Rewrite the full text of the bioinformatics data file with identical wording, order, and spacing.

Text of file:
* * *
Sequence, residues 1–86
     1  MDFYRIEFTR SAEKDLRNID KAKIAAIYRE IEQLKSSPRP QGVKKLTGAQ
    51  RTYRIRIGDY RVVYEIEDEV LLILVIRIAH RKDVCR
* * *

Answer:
Sequence, residues 1–86
     1  MDFYRIEFTR SAEKDLRNID KAKIAAIYRE IEQLKSSPRP QGVKKLTGAQ
    51  RTYRIRIGDY RVVYEIEDEV LLILVIRIAH RKDVCR